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Visions of More Sports Fields Dance in Their Heads

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Matthew Libber considers Covenant Park, located in Ellicott City with nine soccer fields, walking paths, concessions and restrooms, to be the top venue for local sports in Howard County — for the moment. “It’s the largest multipurpose facility in the county,” said Libber, vice president for business operations with Elite Tournaments.

He also names Terrapin Adventures — featuring activities such as zip lining, ropes courses and kayaking — as another great location.

Among the tournaments Elite organizes, nothing in local sports draws out-of-towners like the Columbia Invitational, a soccer tournament conducted in partnership with the Soccer Association of Columbia/HC (SAC), held over Memorial Day Weekend. “It has just under 700 teams coming from 20 states,” Libber said.

With Covenant Park and the new Blandair Park in Columbia — which currently has three lighted, synthetic turf, multipurpose fields — Howard County appears to be sitting pretty in high-end sports venues.

But in the eyes of those organizing sports events, Howard County, along with Anne Arundel and the rest of Maryland, are pretty “field-deprived.” Libber is among a growing group of executives from sports-related companies envisioning more fields for more players, along with all of the economic benefits they bring.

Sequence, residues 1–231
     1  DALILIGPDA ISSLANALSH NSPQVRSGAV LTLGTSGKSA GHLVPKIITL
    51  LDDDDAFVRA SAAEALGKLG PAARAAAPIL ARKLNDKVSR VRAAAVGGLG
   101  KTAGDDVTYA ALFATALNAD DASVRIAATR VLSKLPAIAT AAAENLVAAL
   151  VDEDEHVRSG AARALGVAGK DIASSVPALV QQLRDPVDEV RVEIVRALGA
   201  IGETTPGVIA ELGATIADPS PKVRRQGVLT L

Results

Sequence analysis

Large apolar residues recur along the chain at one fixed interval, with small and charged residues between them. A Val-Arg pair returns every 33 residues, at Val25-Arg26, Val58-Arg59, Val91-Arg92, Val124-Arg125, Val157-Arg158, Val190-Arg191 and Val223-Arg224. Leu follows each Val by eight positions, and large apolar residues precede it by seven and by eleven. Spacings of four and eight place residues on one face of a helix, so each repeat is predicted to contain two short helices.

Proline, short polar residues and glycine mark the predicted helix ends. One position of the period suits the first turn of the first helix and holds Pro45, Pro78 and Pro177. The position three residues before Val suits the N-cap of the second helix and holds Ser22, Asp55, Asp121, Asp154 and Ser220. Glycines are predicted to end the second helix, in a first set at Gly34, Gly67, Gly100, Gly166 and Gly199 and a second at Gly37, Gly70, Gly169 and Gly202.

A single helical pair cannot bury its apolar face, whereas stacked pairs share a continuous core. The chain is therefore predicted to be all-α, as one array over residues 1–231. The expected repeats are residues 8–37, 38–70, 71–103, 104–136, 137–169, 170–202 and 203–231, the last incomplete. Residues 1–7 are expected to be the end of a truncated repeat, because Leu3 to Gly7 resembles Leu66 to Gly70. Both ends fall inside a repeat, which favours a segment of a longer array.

“We are currently looking to develop a new multi-purpose facility in the county with 10 to 15 fields,” said Libber. “We are exploring different locations within the county now and are working with a few investment groups interested in the project.”

But, Oh, Those Land Costs …

Like Libber, Terry Hasseltine, executive director of Maryland Sports, a company developing sports tourism in the state, can immediately name some top venues in Howard County: “Blandair Park, Troy Park, Covenant Park, Centennial Park for outdoor and Meadowbrook for indoor.”

But it’s not enough, he said. “We are still lacking the linear fields in Maryland needed to be highly competitive in the sports tourism space and be able to provide for necessary access for our residents, too,” he said. “It’s a delicate balance, the land costs and location of available land.”

And the “if you build it they will come” model simply doesn’t work, he said. “You need the right asset amenities within close proximity.”
Some people have been pining for better sports facilities for years. For indoor track runners, for example — who range in age from under 6 years to senior citizens — the Prince George’s County Sports and Learning Complex is the closest large indoor track they have for meets, some of which draw more than 1,000 runners from across the nation.

Unless they go to the Prince George’s complex, runners in Howard and Anne Arundel counties take to the slippery wooden track at the Baltimore Armory. When, they are asking, will Howard County be home to an indoor track that can host real meets?

“At this time there are no plans for such a facility; however I wouldn’t think it is out of the question for the future,” said Hasseltine. “It would require some research and exploration to determine its potential usage and economic vitality for the region.”